Off the Page

A blog on Canadian writing, reading, and everything in between

Latest Blog Posts
Book Cover the Queer Evangelist

On Telling the Truth in Politics

By Cheri Divnovo

An excerpt from new memoir The Queer Evangelist, Cheri DiNovo's story of her life as a queer minister, politician and st …

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 The Chat with GG's Literature Award Winners The Fan Brothers

The Chat with GG's Literature Award Winners The Fan Brothers

By Trevor Corkum

We continue our special coverage of this year’s Governor General's Literature Award winners in conversation with the a …

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Book Cover Oy Feh So

Notes from a Children's Librarian: Books on Jewish Heritage

By Julie Booker

Compelling stories showcasing Jewish Heritage to be enjoyed by readers of all ages.

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The Chat with GG's Literature Award Winner Madhur Anand

The Chat with GG's Literature Award Winner Madhur Anand

By Trevor Corkum

Check out our conversation with Madhur Anand, whose brilliant experimental memoir This Red Line Goes Straight to Your He …

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Me and Bridget Jones (20 Years Later)

Me and Bridget Jones (20 Years Later)

By Erika Thorkelson

Erika Thorkelson's "Me and Bridget Jones (20 Years Later)" is one of the essays in Midlife, a new essay collection explo …

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The Chat with GG's Literature Award Winner Michelle Good

The Chat with GG's Literature Award Winner Michelle Good

By Trevor Corkum

Today we are pleased to kick off our special coverage of the 2020 Governor General's Award winners (English-language) wi …

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Book Cover Cattail Skyline

The World Up Close

By Joanne Epp

A recommended reading list by author of new book CATTAIL SKYLINE on paying close attention to the small and particular.

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Book Cover What's In It For Me

The Keepers on My Bookshelf

By LS Stone

Depth and humour are themes in this great recommended reading list by the author of the new middle grade novel What's in …

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Book Cover the Girl from Dream City

How Does a Woman Become a Writer?

By Linda Leith

"The writers who interest me most, always, are women who write about themselves in ways that a male writer never could." …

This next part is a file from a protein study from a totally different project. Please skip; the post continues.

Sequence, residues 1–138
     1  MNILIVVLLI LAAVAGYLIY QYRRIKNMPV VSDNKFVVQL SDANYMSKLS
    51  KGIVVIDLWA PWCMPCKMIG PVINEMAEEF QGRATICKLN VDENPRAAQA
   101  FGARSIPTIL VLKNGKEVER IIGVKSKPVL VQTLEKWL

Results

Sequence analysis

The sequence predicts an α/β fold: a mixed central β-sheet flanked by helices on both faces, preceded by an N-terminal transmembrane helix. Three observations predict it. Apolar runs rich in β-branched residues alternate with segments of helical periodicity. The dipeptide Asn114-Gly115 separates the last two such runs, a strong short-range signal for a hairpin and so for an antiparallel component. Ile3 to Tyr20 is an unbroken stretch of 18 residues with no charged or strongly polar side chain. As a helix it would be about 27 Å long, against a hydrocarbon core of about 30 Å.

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Book Cover Big Reader

11 Essay Collections to Revisit Now

By Susan Olding

"The bestselling novel of a decade ago will sometimes seem stale or irrelevant today, but that’s rarely true of an ess …

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Richard Cumyn: Good Stories in Small Packages

Richard Cumyn's latest book is The Sign for Migrant Soul, and in this list he spotlights other great story collections and novellas. 

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Whenever I can, I try to shine a light on the short form in this country, to give the slim but sinewy book its due. Canadians have always written outstanding short and long stories. Women and LGBTQ writers are leading the way, expanding the form stylistically and exploring the literary potential of a structure that demands precision, efficiency, original expression and an uncanny third eye for the way people can be complex, unpredictable beings. You have to pay attention when you’re reading a well-written short-story or novella. The effect can be long lasting and transformative.

This is by no means a best-of list or anything close to comprehensive. It’s an idiosyncratic compilation of ten recent short-story collections and novellas I think deserve attention. It’s guilty of bias, favouritism, myopia, relative illiteracy—you name it. It’s exclusive out of ignorance and serendipity rather than malice. Some of these titles are books I’ve reviewed, liked and hung on to. Some were written by friends.  We tend to find and recognize each other; it’s still a small community. 

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Seeking Certainty in Uncertain Worlds

**Win a copy of Night Watch, one of the great books of fiction we've got up for giveaway this week! Don't miss  your chance to get a free copy of this book!**

Somewhere along the way I got the impression that the fundamental property of a novella isn’t its brevity, or that it’s stuck somewhere between a story and a novel, but that it’s this: a novella wrestles with the worst day of a protagonist’s life. I like the German tradition in novellen that the story comes to a surprising but logical end, which for me as a writer means I need to convince the reader there is no other possible outcome than the ending we arrive at together.

You’ll read a lot of different definitions of novellas, mainly about word length (10,000 to 50,000 words by some accounts, shorter or longer by others), but for me, the novella, like a poem, loves a turn, tastes its words as it delivers them, and lasts in the mind long after the book is closed.

This selection of Canadian works is short on novellas but each one is novella-ish in its love of language, its unforgettable characters, or its inarguable nature—some of these read like ur-texts, like they’ve always existed and we were lucky enough to find them washed up intact onshore.

One aspect or another of each of these books echoes a …

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